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Sunday, November 13, 2011

Scientists Increasingly Link Vehicle Exhaust With Brain-Cell Damage,Higher Rates of Autism .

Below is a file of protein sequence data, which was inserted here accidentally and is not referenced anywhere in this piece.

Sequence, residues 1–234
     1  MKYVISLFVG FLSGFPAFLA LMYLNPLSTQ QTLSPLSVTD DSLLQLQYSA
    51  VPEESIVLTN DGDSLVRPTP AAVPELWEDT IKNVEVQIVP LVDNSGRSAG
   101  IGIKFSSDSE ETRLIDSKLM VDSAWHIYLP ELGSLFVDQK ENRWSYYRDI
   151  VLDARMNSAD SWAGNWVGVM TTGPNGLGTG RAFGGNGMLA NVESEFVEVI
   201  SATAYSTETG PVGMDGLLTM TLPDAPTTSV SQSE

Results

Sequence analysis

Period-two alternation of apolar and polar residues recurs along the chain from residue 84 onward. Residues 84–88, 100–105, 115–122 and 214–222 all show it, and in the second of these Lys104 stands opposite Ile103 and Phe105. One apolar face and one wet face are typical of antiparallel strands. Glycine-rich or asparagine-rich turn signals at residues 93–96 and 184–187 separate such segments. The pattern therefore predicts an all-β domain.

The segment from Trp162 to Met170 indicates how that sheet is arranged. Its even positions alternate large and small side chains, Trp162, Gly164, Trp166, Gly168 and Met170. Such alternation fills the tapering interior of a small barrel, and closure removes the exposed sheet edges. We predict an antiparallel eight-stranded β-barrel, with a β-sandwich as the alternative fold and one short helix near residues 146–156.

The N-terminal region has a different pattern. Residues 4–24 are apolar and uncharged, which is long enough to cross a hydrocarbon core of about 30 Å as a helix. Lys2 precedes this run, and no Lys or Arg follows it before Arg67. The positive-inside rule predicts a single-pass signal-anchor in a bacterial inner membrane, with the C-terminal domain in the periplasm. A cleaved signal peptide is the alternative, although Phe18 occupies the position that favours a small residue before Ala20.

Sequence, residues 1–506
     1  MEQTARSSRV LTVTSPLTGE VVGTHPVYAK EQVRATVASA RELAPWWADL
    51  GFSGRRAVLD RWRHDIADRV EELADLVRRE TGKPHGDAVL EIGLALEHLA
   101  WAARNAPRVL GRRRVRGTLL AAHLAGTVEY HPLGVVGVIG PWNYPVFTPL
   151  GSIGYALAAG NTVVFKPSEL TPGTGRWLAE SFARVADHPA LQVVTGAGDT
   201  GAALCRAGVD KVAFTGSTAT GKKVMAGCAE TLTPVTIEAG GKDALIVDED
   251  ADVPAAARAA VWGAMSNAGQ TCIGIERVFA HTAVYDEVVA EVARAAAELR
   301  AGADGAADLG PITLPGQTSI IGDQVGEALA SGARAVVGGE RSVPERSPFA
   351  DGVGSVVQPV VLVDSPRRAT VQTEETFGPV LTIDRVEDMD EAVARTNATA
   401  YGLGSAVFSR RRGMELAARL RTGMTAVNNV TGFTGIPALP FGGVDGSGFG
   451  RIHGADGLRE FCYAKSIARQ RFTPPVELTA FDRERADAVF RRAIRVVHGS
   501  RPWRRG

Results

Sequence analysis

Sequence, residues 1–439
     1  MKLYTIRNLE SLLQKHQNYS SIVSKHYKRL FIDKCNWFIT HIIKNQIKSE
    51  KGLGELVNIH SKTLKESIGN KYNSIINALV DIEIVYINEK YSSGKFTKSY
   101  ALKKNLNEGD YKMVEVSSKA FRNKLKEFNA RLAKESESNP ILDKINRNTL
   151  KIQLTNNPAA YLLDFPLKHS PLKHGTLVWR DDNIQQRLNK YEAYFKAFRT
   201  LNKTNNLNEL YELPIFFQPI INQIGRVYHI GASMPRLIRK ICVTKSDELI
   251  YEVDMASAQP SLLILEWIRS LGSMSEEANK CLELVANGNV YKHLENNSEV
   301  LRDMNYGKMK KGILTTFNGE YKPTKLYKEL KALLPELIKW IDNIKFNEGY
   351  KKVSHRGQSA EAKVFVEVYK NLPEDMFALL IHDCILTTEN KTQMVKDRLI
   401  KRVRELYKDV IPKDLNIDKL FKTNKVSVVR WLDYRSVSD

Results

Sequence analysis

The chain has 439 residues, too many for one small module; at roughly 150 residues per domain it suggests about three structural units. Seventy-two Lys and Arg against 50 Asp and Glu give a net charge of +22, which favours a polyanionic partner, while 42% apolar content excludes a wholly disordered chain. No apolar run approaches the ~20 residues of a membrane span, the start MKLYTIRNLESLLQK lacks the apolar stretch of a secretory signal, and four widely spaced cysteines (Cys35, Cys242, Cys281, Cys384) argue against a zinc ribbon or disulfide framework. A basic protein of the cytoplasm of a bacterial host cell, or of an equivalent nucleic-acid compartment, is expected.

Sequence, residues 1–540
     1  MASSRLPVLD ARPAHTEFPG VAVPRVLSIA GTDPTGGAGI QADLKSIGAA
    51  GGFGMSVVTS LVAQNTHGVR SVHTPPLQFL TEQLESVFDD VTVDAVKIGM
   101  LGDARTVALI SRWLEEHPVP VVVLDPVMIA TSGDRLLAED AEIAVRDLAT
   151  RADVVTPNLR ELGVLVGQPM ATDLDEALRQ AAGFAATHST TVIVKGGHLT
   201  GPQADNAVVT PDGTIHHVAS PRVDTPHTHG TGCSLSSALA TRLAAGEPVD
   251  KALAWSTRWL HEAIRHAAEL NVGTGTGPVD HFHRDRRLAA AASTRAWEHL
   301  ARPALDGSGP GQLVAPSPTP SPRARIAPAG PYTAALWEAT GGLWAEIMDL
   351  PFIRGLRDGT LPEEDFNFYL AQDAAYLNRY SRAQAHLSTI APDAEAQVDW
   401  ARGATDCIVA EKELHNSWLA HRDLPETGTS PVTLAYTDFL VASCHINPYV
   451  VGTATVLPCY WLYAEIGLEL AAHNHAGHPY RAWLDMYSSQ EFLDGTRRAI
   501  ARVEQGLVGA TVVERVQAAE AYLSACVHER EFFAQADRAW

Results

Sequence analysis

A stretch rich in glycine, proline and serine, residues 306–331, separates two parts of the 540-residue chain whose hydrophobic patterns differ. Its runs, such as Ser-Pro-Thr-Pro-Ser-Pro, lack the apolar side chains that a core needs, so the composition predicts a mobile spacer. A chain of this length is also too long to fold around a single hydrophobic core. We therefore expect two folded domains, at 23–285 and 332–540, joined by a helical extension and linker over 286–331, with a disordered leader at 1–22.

Congested cities are fast becoming test tubes for scientists studying the impact of traffic fumes on the brain. As roadways choke on traffic, researchers suspect that the tailpipe exhaust from cars and trucks—especially tiny carbon particles already implicated in heart disease, cancer and respiratory ailments—may also injure brain cells and synapses key to learning and memory. Columbia University's Frederica Perera discusses the link between exposure to pollutants in the womb and mental impacts in children. Plus, how New York City - one of the most congested cities in the U.S. - is improving traffic flow. New public-health studies and laboratory experiments suggest that, at every stage of life, traffic fumes exact a measurable toll on mental capacity, intelligence and emotional stability. "There are more and more scientists trying to find whether and why exposure to traffic exhaust can damage the human brain," says medical epidemiologist Jiu-Chiuan Chen at the University of Southern California who is analyzing the effects of traffic pollution on the brain health of 7,500 women in 22 states. "The human data are very new." So far, the evidence is largely circumstantial but worrisome, researchers say. And no one is certain yet of the consequences for brain biology or behavior. "There is real cause for concern," says neurochemist Annette Kirshner at the National Institute of Environmental Health Sciences at Research Triangle Park in North Carolina. "But we ought to proceed with caution."

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